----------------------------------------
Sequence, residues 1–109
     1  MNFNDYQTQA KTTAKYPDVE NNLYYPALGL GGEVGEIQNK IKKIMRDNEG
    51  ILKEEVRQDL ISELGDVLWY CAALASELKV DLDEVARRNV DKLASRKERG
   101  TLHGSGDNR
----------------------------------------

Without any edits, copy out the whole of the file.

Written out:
Sequence, residues 1–109
     1  MNFNDYQTQA KTTAKYPDVE NNLYYPALGL GGEVGEIQNK IKKIMRDNEG
    51  ILKEEVRQDL ISELGDVLWY CAALASELKV DLDEVARRNV DKLASRKERG
   101  TLHGSGDNR